Crack the spine divine
Sunday in the Park
January 13, 2017
It is rare for me to finish a book, want to return to the start, and immediately reread it. That isn't to say there aren't books I love to reread. "Dandelion Wine" at the start of a summer. "To Kill a Mockingbird" any time.
But to end a long story full of nuanced characters in another country over a time span of decades, one full of romance and politics and mystery and history and all kinds of love, is something so delicious you say, "Damn the consequences," and look for snippets of time you can take bites of the book.
"A Gentleman in Russia" was not on my radar. Amor Towles also wrote "Rules of Civility," a pleasant read, a few years ago. But I had forgotten him, which is no disrespect. I read a lot. All the time. I read everything. Stories on the internet from the foreign press, menus, matchbook covers, magazines (domestic and foreign), cookbooks, how-to books, newspapers from various cities, so many books, so very many books that I can forget them. Like good meals in comfortable restaurants, satisfying enough at the time but nothing to distinguish themselves over time.
Books made into movies have a certain sticking power. The film either lived up to the characters in the book or failed miserably. There never seems to be a middle ground.
"The Harry Potter" series being an example of success. "The English Patient" another.
And as she described, it is a bit like Dobby, the house elf in “Harry Potter.” An unpredictable, unreliable, moody creature who doesn’t always make himself known. But when he (she) does, we need to be ready to welcome them.
In the case of "Eat, Pray, Love," I loved the movie and couldn't finish the self- indulgent book. That said, Elizabeth Gilbert, author of said book, gave one of my all-time favorite TED talks on creativity. It is about genius. She goes back to the Greeks in her theories. We all have a genius. And as she described, it is a bit like Dobby, the house elf in "Harry Potter." An unpredictable, unreliable, moody creature who doesn't always make himself known. But when he (she) does, we need to be ready to welcome them. So we show up to do the work and we hope our genius will appear. We are not the genius. We invite the genius in.
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This is critically useful information for all creative folks to remember. Whether it be the visual artist, the musician or the film maker. Show up day after week after year. Do the work. Be ready for that tornado moment when your genius appears and honor him or her. Let him or her in. And understand the illusive nature of the bargain.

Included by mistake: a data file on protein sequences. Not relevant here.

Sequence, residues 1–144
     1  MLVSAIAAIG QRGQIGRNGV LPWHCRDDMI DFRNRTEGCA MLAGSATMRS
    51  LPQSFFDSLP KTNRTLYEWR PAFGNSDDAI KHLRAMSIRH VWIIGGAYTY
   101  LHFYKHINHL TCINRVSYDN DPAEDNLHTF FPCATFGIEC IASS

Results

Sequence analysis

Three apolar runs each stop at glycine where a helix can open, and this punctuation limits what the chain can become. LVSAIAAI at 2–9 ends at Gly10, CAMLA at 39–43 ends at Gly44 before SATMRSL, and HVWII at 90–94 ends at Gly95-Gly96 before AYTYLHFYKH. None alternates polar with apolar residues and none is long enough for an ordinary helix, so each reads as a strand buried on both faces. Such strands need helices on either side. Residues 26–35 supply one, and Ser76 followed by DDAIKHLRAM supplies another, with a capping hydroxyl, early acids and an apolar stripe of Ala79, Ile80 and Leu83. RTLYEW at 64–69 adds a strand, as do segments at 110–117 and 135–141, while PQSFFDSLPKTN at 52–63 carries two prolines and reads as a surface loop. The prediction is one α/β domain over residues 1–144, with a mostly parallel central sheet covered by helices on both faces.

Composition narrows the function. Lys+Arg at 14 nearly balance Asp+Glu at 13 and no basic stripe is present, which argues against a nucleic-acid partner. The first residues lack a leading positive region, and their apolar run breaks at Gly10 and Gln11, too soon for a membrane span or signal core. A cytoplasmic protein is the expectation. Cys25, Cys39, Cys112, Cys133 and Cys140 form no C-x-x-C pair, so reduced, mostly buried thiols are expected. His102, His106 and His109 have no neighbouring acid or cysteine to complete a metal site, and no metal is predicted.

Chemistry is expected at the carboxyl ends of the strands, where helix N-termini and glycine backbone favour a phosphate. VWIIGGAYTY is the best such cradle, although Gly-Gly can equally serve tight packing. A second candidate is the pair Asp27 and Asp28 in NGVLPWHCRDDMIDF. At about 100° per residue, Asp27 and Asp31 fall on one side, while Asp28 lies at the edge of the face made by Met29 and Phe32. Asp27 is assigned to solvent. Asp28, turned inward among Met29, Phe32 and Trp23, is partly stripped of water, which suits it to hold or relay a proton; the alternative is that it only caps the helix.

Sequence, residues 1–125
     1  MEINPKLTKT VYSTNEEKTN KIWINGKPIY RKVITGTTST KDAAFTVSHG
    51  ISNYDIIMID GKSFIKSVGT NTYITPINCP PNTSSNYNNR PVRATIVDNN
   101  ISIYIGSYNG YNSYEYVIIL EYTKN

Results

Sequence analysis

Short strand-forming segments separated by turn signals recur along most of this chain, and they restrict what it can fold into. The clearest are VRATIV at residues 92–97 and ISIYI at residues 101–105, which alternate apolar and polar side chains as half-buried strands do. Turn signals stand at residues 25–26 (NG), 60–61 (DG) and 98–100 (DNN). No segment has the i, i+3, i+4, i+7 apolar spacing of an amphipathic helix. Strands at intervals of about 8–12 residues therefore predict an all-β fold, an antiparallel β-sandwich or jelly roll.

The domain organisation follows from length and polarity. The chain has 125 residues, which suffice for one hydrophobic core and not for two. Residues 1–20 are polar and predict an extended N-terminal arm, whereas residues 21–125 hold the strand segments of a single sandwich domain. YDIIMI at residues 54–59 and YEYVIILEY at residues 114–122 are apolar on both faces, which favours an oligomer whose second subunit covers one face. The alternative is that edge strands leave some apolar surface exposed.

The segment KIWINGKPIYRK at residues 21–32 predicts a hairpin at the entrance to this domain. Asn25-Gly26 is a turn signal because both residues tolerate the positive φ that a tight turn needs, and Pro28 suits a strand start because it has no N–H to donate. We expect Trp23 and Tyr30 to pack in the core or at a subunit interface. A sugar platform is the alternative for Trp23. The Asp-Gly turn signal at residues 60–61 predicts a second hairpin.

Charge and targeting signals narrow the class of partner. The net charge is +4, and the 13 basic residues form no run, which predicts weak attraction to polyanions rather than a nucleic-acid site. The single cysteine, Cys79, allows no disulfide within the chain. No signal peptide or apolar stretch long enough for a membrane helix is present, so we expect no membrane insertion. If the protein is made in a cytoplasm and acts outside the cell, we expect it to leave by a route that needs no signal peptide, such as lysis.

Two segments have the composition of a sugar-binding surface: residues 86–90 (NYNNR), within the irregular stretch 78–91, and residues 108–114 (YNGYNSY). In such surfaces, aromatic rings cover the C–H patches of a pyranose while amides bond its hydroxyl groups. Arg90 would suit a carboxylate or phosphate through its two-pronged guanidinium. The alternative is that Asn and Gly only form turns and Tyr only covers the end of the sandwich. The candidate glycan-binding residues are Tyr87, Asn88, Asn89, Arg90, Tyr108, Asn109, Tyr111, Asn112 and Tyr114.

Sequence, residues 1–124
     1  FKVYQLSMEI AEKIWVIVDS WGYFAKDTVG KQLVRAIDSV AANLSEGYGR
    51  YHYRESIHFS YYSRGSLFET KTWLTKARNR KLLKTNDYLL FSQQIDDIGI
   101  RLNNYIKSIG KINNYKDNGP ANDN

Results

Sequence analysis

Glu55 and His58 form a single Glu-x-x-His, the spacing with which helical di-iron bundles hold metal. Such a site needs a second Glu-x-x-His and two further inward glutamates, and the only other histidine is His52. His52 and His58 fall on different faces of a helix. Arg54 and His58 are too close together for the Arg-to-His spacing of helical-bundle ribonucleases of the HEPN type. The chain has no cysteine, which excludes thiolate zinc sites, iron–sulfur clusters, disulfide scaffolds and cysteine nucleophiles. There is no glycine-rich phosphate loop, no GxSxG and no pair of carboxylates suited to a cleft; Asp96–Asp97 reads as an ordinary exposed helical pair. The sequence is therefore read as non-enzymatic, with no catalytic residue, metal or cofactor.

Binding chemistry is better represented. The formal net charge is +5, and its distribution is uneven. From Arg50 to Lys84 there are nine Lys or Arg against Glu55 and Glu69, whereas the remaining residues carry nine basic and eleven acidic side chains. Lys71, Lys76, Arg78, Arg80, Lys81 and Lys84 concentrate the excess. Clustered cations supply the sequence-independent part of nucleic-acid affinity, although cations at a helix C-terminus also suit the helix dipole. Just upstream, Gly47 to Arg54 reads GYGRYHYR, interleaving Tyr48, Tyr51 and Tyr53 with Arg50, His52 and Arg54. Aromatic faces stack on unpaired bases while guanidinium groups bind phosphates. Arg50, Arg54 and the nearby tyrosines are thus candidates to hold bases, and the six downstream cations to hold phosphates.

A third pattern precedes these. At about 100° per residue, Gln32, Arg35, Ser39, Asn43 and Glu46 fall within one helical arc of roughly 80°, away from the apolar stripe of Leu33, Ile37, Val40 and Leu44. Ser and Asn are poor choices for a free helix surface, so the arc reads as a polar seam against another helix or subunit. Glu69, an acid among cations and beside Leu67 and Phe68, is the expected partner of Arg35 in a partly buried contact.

I was in Dolly's Bookstore about a month ago, in search of a new read and I asked Sue, who has guided me through literary adventures for over a decade now, for something I could chew on. A meaty read. She asked if I had heard of "A Gentleman in Russia." I confessed I had not. She said, "You may like it." She didn't say, "You must read this book. It will change your life."
Sue is a longtime, wise book seller. We never know how someone else reads and understands hundreds of pages of words. Where they are in their life. How receptive they are. How the trajectory of their reading has prepared them or not for a substantial read. The book is just shy of 500 pages. Printed in a clean typeface on creamy, thick, rough-edged paper. It is substantial to hold in the chair, in the bed, in the bathtub. It rested on my chest in front of fires, when I fell asleep in bed at night, when I cracked its spine, curled up in my overstuffed chair during the holidays. When I was a bit overstuffed myself. And I was so in wonder at the ending I did not see coming, so delighted at the clever subtle author and his genius style, that I flipped right back to the first few pages to reread where the journey started.
And I can tell you, because it is just in the first few pages you learn, you are in the end of Tsar-ist Russia in 1922 in a courtroom where Count Rostov, born in St Petersberg, is charged with writing a poem that is deemed propaganda. He is living, at the moment, in Hotel Metropol in Russia. The inquisitor asks him, "Why did you write the poem?"
And he responds, "It demanded to be written. I simply happened to be sitting at the particular desk on the particular morning when it chose to make its demands."
Ah, I think upon reading that exchange of the illusive construct of genius. And then I spend every free moment moving through decades in Russia through the eyes of Count Rostov as he is sentenced to live inside the Hotel Metropol for life. We see him become a top waiter, a lover, a spy, a trusted friend and father. While living first in a suite of rooms and then in a tiny room, high up in a tower. We are introduced to American films and high ranking politicians. We learn about beautiful meals and beautiful service and beautiful friendships and all the patterns of love that require indulgence and care taking and sacrifice.
And at the very end, we learn we were, all along, in the hands of genius, who took us on a journey and rewarded us with deep satisfaction.
I am re-reading this book with a kind of delight I wish for any reader. I envy those who will pick up this book not knowing the journey and staying ready for it, for the candlelit literary dinners ahead and the mischief and kindness among those who serve.
Allow yourself an indulgent read to start the new year. Something that will take you off your screen and place you far away in another time zone in another country and another story other than your own. There are all kinds of ways to stay healthy. How you eat and how you move get a lot of attention in the new year. Don't forget to feed your head on any day, but certainly this Sunday in the Park…
Teri Orr is a former editor of The Park Record. She is the director of the Park City Institute, which provides programming for the George S. and Dolores Doré Eccles Center for the Performing Arts.